• for the disclosure of CDR data relating to a ‘phase 1 product’ (being a savings account, call account, term deposit, current account, cheque account, debit card account, transaction account, personal basic account, GST or tax account, credit and charge card (personal) account, and credit and charge card (business) account).

We anticipate that this staged application will be implemented with an updated timetable following the passing of the legislation.

Energy sector

The ACCC released its consultation paper for the data access models that will be applicable for energy data on 24 February 2019 and held forums in Sydney on 18 March 2019. Thus far, the ACCC has received nearly 40 submissions in relation to the data access models for the energy sector.


Consumer Data Standards

As we noted in our earlier article, Data61 will initially take the role of the Data Standards Body. Data61 has been developing the draft Consumer Data Standards since November 2018, including in relation to the development of application programming interface (API) standards and the information security profile to support the implementation of the Consumer Data Standards. These standards will be very important in fleshing out how the Consumer Data Right will work in practice – for example, how a consumer may make a data request and how an entity must disclose the data.

On 11 June 2019, the ACCC initiated consultation on the technical design of the CDR register using GitHub, starting with the consultation for the CDR register API.

On 17 July 2019, Data61 released an updated working draft of the Consumer Data Standards (with a summary accessible here). Data61 expects this release to be the final draft of the Consumer Data Standards, subject to any changes in the legislation, and this will be a suitable version for pilot testing the CDR implementation. Data61 indicate that they will continue to take on ongoing comments on the Consumer Data Standards, which may be incorporated in subsequent releases of the Consumer Data Standards.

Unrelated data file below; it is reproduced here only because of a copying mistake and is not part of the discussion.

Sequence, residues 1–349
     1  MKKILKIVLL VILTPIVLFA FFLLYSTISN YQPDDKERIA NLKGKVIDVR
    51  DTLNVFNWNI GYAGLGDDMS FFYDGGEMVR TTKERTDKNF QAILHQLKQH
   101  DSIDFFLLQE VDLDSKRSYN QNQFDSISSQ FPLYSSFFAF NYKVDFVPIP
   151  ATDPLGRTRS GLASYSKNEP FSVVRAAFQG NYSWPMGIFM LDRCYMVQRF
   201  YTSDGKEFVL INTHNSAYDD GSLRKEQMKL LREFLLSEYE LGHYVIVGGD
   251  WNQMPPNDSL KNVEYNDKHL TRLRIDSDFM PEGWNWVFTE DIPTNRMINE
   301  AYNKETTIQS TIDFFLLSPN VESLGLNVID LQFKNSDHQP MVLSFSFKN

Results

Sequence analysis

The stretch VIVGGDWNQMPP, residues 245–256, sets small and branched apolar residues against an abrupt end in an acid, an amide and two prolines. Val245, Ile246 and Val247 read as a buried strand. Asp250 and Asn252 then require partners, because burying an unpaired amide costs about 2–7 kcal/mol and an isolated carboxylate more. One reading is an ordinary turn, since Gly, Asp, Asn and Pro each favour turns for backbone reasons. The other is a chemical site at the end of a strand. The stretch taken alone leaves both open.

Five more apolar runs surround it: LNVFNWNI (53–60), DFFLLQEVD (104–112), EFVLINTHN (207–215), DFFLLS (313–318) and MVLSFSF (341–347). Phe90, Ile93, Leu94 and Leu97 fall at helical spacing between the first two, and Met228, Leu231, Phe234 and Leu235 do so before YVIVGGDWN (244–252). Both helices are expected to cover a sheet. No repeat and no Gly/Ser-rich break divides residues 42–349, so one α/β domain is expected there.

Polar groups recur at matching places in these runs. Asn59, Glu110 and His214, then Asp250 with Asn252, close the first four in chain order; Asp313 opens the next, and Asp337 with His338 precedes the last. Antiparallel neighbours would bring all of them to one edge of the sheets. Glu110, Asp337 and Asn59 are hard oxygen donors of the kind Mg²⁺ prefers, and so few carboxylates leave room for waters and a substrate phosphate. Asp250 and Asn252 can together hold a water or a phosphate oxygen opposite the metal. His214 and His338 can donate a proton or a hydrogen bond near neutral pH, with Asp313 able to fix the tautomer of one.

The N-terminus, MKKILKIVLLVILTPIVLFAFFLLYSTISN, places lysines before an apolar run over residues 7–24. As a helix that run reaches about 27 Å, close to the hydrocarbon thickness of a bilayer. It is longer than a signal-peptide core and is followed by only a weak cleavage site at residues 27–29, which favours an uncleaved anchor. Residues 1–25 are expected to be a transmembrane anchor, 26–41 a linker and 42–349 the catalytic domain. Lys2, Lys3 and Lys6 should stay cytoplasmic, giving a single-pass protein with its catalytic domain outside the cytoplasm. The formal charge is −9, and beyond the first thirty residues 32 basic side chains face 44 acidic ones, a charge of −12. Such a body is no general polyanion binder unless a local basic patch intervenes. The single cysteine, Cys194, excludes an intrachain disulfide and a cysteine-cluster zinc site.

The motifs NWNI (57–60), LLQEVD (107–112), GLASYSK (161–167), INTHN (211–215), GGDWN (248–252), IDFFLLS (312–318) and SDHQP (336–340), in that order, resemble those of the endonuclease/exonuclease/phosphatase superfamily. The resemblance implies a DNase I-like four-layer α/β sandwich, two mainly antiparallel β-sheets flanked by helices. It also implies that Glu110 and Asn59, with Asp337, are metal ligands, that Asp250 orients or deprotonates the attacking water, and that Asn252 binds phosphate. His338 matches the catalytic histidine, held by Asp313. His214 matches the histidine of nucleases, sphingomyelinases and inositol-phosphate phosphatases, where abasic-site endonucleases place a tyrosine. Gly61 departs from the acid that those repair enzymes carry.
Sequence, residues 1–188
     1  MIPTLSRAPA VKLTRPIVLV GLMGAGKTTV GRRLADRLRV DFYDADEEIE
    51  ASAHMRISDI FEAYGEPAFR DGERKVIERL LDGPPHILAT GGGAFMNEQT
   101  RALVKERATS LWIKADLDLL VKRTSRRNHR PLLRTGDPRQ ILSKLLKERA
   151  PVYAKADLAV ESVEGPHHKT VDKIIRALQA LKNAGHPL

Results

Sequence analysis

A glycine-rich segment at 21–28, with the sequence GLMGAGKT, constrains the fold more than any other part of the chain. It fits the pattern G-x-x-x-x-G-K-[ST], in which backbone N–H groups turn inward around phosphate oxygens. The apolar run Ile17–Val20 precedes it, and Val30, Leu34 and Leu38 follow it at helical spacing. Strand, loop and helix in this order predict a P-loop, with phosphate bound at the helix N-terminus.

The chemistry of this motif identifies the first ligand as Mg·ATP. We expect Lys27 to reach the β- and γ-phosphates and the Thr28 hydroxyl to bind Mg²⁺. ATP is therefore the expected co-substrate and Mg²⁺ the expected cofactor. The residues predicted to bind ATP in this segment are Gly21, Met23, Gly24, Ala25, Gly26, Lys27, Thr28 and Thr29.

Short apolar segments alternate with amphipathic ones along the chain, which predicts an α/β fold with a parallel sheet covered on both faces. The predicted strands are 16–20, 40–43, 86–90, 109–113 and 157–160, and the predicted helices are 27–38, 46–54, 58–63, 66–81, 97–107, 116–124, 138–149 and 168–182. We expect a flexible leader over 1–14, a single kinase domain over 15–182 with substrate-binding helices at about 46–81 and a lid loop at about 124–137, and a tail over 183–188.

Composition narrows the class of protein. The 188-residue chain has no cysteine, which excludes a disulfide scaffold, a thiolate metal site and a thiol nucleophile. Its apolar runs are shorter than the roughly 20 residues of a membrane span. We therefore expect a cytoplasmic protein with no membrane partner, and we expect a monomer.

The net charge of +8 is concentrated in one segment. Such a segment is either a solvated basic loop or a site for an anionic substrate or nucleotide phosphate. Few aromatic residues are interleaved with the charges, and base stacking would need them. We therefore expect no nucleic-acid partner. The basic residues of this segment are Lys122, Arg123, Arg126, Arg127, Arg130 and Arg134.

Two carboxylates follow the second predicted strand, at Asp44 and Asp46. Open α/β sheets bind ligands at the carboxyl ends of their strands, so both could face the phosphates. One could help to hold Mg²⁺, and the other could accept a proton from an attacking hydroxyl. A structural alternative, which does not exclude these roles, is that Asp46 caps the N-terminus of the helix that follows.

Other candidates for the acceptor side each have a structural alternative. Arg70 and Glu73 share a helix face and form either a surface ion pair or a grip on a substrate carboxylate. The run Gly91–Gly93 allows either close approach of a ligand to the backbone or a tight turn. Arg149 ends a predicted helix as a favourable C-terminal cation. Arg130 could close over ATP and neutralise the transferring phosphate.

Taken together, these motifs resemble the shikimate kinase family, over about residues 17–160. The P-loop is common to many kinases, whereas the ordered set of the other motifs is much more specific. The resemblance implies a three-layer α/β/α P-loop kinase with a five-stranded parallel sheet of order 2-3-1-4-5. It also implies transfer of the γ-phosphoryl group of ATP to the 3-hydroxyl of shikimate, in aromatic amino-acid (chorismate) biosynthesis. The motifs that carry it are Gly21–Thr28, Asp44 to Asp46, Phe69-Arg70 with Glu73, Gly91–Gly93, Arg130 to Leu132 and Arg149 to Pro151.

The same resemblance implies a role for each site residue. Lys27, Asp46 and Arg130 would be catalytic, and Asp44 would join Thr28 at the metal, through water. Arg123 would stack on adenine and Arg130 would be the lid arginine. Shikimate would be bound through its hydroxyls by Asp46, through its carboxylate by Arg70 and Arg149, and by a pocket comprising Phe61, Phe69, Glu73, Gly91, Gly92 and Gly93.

The Office of the Australian Information Commissioner (OAIC) is working closely with Data61 and the ACCC to build the Privacy Safeguards set out in the legislation into the Consumer Data Standards and the CDR’s data portability infrastructure. The OAIC plans to release the first stage of its first draft of the Privacy Safeguard Guidelines for comment in the coming month.


What next?

We anticipate that following the passing of the legislation, the finalisation of the CDR rules for the banking sector will be next on the agenda, to be followed by the finalisation of the staged application of the CDR rules as foreshadowed in the exposure draft.

If you require further guidance on how the CDR can impact on your business, please contact our team.


Authored by:

Hazel McDwyer, Partner

David Smith, Partner

Raisa Blanco, Associate

This update does not constitute legal advice and should not be relied upon as such. It is intended only to provide a summary and general overview on matters of interest and it is not intended to be comprehensive. You should seek legal or other professional advice before acting or relying on any of the content.